Kutik agreed with that assessment.
"[Workday] now stands with the sleeping giants of Oracle and SAP, which have woken up to the competitive danger of SaaS [Software as a Service] to their huge on-premise installed base," he said.
On the Oracle side, there's the year-old Fusion HCM, an all-SaaS product for core HR and talent management. While Fusion HCM has attracted a fair amount of attention, it has not attracted a huge number of customers, Kutik said. And SAP has SuccessFactors, a cloud-based HR solution.
"Both of these guys are reacting to the sudden popularity of SaaS for basic HR software," Kutik said. "But they're both behind in a big way to Workday."
Marquee customer's CEO sits on Workday board
Workday's largest deployment to date is Flextronics, a provider of electronic manufacturing services with a global workforce of more than 200,000. A customer since 2008, it made payments to Workday totaling nearly $5.7 million in the last two-and-a-half fiscal years that ended on July 31, according to the SEC filing.
Flextronics CEO Michael McNamara owns stock in Workday -- with an option to purchase additional shares -- and sits on Workday's board of directors.
One analyst who requested anonymity said the cozy relationship should raise a couple questions: Did Flextronics know its CEO stood to gain personally from the purchase decision? And what should Workday disclose when citing Flextronics as a customer reference?
Another analyst said a drop in Flextronics' payments from $2.7 million in the fiscal year ending Dec. 31, 2009, to $45,163 for the six months ending July 31, 2012, should raise a red flag, although he admitted he's not sure what it all means.
But a third analyst said software companies typically drop their prices for early clients, especially when -- as in this case -- a large one serves as a marquee example of Workday's ability to scale. He said the recent payment reduction doesn't mean anything.
A Flextronics spokesperson said company officials were out of the country and unavailable for comment.
HR's big three: Oracle, SAP, Workday
Workday's growth has put a lot of competitive pressure on SAP and Oracle and is one of the key drivers in both companies' strategic purchases, Pazahanick said, citing the SuccessFactors and Taleo buys. "I believe that customers will be the ultimate winners in the short term due to these competitive pressures."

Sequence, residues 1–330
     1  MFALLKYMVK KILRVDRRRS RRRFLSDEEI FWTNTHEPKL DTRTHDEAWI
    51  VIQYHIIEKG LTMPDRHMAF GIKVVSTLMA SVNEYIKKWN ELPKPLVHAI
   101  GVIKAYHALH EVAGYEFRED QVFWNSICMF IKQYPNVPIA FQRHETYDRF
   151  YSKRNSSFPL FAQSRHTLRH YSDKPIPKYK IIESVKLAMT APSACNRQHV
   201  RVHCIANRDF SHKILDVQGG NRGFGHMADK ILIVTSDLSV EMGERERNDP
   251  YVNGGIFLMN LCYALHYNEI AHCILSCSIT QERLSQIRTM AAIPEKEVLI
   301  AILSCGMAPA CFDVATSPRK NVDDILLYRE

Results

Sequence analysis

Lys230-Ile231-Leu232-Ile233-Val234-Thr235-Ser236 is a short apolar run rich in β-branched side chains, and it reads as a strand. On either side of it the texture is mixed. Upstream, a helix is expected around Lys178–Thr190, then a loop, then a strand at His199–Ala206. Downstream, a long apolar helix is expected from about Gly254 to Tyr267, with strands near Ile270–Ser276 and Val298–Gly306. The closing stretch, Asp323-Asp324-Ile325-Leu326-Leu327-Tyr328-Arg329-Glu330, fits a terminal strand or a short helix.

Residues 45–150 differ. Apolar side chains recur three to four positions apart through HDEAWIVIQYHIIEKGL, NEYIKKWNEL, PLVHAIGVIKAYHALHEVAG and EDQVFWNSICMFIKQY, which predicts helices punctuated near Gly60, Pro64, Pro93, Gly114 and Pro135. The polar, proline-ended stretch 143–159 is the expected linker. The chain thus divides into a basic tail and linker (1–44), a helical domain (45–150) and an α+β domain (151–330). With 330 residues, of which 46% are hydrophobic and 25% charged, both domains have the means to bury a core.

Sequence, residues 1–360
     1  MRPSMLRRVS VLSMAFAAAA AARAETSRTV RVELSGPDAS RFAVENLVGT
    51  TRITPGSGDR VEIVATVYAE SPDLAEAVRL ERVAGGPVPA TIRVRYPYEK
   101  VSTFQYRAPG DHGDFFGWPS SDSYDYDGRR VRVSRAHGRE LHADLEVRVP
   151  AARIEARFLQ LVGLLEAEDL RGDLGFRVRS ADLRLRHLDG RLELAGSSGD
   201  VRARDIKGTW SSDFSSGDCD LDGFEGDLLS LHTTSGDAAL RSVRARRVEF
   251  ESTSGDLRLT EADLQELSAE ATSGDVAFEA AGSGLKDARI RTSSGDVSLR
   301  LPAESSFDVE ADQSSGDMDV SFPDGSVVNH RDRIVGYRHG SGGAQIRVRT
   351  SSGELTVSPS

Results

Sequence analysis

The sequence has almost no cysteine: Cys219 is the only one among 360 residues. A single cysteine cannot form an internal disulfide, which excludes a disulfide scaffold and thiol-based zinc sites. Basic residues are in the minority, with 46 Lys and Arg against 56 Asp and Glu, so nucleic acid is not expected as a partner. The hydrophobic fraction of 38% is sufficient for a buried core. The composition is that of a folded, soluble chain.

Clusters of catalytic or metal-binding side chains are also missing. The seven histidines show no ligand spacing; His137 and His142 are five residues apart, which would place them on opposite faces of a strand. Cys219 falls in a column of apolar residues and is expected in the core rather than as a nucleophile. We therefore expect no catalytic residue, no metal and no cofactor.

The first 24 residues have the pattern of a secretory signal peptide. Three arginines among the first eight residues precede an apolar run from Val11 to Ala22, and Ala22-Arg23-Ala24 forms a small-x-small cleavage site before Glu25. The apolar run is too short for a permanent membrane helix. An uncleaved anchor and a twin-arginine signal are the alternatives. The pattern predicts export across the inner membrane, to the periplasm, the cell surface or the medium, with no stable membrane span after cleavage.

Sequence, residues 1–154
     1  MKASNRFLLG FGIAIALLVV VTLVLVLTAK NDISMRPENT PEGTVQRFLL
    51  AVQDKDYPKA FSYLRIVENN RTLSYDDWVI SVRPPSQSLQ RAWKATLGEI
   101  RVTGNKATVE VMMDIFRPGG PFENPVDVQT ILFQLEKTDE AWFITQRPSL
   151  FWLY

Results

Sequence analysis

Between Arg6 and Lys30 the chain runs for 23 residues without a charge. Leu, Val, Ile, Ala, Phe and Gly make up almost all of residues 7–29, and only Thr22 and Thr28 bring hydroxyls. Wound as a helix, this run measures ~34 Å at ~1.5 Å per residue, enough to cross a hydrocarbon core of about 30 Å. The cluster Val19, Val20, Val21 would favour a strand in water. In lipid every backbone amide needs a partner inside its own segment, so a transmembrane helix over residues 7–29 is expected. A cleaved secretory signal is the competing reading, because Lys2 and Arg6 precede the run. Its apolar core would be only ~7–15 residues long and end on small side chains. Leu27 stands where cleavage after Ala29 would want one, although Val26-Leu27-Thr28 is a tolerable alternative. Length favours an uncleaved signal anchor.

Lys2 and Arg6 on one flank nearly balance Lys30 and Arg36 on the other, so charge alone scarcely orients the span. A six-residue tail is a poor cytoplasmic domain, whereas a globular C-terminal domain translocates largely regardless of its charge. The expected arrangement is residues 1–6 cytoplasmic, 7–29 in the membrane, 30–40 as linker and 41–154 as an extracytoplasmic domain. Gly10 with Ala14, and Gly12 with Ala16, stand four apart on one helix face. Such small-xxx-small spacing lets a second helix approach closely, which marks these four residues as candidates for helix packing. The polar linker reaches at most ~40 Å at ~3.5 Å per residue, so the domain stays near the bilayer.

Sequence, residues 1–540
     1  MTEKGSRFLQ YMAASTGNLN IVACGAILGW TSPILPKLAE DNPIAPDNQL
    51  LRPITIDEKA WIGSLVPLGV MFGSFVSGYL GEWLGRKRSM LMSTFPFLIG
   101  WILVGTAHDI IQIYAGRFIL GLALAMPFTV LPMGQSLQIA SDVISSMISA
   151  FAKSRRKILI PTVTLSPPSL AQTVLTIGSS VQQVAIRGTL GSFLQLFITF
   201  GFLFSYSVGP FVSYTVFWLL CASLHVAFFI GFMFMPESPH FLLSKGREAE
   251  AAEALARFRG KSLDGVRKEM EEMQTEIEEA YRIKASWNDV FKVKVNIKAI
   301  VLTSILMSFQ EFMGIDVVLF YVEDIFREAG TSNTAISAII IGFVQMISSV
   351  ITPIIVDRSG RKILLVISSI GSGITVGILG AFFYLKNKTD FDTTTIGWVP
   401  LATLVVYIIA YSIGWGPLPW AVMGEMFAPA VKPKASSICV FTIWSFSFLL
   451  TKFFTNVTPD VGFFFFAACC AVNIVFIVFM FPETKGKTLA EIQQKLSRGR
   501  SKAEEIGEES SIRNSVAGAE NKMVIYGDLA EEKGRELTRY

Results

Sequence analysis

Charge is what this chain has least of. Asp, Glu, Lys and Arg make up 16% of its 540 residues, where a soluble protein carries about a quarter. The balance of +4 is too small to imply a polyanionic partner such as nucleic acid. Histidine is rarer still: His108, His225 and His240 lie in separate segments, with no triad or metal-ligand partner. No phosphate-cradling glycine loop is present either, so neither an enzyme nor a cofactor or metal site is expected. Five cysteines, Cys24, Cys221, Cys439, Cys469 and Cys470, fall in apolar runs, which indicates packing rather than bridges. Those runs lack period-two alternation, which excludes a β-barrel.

A Workday spokesperson said the company is in its quiet period and unable to comment. Oracle declined to comment.
But a SAP executive claims her company provides a more gradual, modular route to the cloud than the "rip and replace" approach of Workday. The SuccessFactors purchase "really concentrated from the beginning on reinventing HR and connecting people strategy to the business strategy," said Folia Grace, vice president of product marketing for SAP's cloud business unit. "It really goes well beyond traditional HR and focuses on talent -- how you motivate talent, how you engage talent, how you measure metrics around talent contributing to the organization. And it's all based upon comprehensive analytics."
In contrast, Grace said, Workday started with a focus on replacing core HR systems of record in SAP and Oracle shops.
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But analysts said Workday is attractive to large companies for several reasons. It is transforming the user experience, easing deployment, and building products that HR managers want, especially for talent management, said R "Ray" Wang, principal analyst and CEO of Constellation Research Inc.
"They're making it easier," Wang said. "It's the adoption factor that's big here."
Kutik agreed that Workday is easier to use than the on-premises ERP systems, which provides a huge advantage to HR departments. From IT's perspective, companies have to devote fewer IT resources and infrastructure to Workday.
"They're not running someone else's software," Kutik said. "They're not maintaining it; they're not upgrading it. They're just making sure it doesn't [mess] things up."
In general, Workday appeals to chief financial officers (CFOs) because it requires a monthly payment rather than a large perpetual license at the front end -- something that all CFOs love, he said.
"Arguments rage about at what point does it become the same cost," Kutik said. "Is it five years out? Ten years out? Think about paying rent for 10 years vs. buying your house. There comes a time when you would have been better off buying your house. [In this case] what makes it so difficult is to factor in yearly maintenance. The hardest thing to do is factoring in upgrades, and what they cost you to do. And they're often difficult to do with an on-premise solution. The vendor often doesn't offer a lot of help."